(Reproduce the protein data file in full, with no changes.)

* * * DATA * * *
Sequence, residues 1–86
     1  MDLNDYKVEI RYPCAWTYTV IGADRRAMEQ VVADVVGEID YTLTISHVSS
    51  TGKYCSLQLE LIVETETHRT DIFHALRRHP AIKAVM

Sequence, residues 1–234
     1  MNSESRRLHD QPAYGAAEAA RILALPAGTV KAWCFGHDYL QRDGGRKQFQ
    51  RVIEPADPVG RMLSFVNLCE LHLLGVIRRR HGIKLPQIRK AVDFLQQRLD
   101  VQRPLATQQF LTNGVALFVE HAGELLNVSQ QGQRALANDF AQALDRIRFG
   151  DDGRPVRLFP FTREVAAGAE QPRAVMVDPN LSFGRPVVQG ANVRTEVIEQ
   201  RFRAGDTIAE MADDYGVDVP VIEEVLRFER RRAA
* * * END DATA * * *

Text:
Sequence, residues 1–86
     1  MDLNDYKVEI RYPCAWTYTV IGADRRAMEQ VVADVVGEID YTLTISHVSS
    51  TGKYCSLQLE LIVETETHRT DIFHALRRHP AIKAVM

Sequence, residues 1–234
     1  MNSESRRLHD QPAYGAAEAA RILALPAGTV KAWCFGHDYL QRDGGRKQFQ
    51  RVIEPADPVG RMLSFVNLCE LHLLGVIRRR HGIKLPQIRK AVDFLQQRLD
   101  VQRPLATQQF LTNGVALFVE HAGELLNVSQ QGQRALANDF AQALDRIRFG
   151  DDGRPVRLFP FTREVAAGAE QPRAVMVDPN LSFGRPVVQG ANVRTEVIEQ
   201  RFRAGDTIAE MADDYGVDVP VIEEVLRFER RRAA